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How lung cancer hijacks immune cell metabolism to fuel its own growth

MedicalXpress Breaking News-and-Events Feb 09, 2024

Lung adenocarcinoma is the most common lung cancer and the cause of most cancer-related deaths in the United States. There are several ways lung adenocarcinoma can arise, one of which is a mutation in a protein called EGFR (epidermal growth factor receptor). Non-mutated EGFR helps cells grow in response to injury, but mutated EGFR promotes out-of-control growth that can turn into cancer.

Modern immunotherapies don't work against EGFR-driven lung adenocarcinoma, and while some drugs exist to treat the cancer, patients typically develop a resistance to them within just a few years. This gap in the treatment tool chest inspired Salk Institute researchers to probe for weak spots in the cancer's growth pathway.

The team discovered that EGFR-driven lung adenocarcinoma hijacks a specialized population of lung-resident immune cells called macrophages, which are designed to dispose of diseased and damaged cells, as well as maintain a delicate balance of protective lipids (fats) around lung alveoli, which are essential for breathing.

The lung cancer cells pull macrophages into the tumor microenvironment and alter their lipid metabolism to turn them into cancer fuel-suppliers. The newly energized tumor cells then spur further macrophage proliferation to supply more fuel—a novel self-perpetuating cancer mechanism.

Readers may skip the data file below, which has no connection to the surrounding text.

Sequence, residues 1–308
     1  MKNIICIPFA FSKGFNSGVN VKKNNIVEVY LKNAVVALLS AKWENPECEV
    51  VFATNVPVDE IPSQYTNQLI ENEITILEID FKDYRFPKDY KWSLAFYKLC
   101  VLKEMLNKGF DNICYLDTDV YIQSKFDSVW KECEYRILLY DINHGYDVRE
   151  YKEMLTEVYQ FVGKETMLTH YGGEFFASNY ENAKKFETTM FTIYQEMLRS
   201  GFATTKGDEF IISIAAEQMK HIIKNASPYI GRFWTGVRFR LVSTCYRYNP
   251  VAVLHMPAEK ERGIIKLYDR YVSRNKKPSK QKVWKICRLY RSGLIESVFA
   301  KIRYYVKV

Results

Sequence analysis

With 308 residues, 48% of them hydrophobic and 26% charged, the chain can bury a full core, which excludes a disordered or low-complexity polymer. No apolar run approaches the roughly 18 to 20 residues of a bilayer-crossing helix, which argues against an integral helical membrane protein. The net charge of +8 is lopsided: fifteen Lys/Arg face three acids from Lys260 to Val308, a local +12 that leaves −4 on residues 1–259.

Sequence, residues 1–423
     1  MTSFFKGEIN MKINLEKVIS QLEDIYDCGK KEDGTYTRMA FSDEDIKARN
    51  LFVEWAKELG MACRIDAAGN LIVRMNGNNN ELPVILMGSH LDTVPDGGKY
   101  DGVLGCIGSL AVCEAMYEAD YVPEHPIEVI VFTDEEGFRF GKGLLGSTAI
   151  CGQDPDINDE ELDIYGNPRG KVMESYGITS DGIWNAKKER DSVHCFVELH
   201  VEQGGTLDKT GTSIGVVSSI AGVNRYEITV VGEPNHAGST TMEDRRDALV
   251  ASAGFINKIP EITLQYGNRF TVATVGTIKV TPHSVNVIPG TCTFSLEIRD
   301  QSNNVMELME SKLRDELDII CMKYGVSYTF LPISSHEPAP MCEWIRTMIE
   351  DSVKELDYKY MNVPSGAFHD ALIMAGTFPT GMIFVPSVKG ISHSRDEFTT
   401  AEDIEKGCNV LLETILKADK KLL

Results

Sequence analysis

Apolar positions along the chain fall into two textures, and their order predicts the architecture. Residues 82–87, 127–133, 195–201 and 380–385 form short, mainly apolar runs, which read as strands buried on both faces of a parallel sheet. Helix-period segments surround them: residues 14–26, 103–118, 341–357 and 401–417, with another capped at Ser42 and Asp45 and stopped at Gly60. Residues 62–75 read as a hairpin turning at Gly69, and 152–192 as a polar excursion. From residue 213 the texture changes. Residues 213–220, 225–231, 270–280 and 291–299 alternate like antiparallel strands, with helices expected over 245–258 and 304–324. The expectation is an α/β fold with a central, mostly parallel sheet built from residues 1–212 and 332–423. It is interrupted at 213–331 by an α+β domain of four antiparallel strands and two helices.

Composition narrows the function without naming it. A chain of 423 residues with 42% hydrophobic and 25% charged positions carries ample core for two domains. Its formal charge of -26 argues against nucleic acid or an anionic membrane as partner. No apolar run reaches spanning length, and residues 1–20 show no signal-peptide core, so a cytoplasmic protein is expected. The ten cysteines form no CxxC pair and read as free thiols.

The findings, published in Cancer Discovery, provide new inspiration for lung adenocarcinoma interventions that disrupt this tumor cell-macrophage relationship. The researchers suggest that treatments using EGFR inhibitors may be more successful when paired with statins, a class of drugs commonly used to lower cholesterol levels.

"We have discovered a novel way that lung cancer cells manipulate their local environment and other cell types surrounding them to promote their own growth. In this case, the tumor cells exploit lung-resident macrophages—remodeling them to provide nutrients, like cholesterol, to the cancer cells and stimulate tumor growth," says senior and co-corresponding author Susan Kaech, professor, director of the NOMIS Center for Immunobiology and Microbial Pathogenesis, and holder of the NOMIS Chair at Salk. "One exciting implication of this work is that lung cancer treatments may be improved by simply adding statins, an already widely used class of drugs, to the patient's treatment plan."

Lungs rely on tiny bulbs called alveoli, which expand and deflate with our breath, to facilitate the exchange of oxygen and carbon dioxide between the air and our blood. Alveoli are crucial to human survival, and their health is dependent on a lipid-rich environment created by alveolar cells and sustained by macrophages. Lipids, such as cholesterol, are fatty compounds that support bodily function by helping cells move, store energy, and absorb vitamins.

This unique ability of lung-resident macrophages to maintain lipid balance becomes more complicated when tumor cells begin to exploit those lipids to help themselves grow. A better understanding of the mechanisms macrophages use to regulate their metabolism and lipid production can provide insight into how tumor cells selfishly manipulate those mechanisms to help themselves.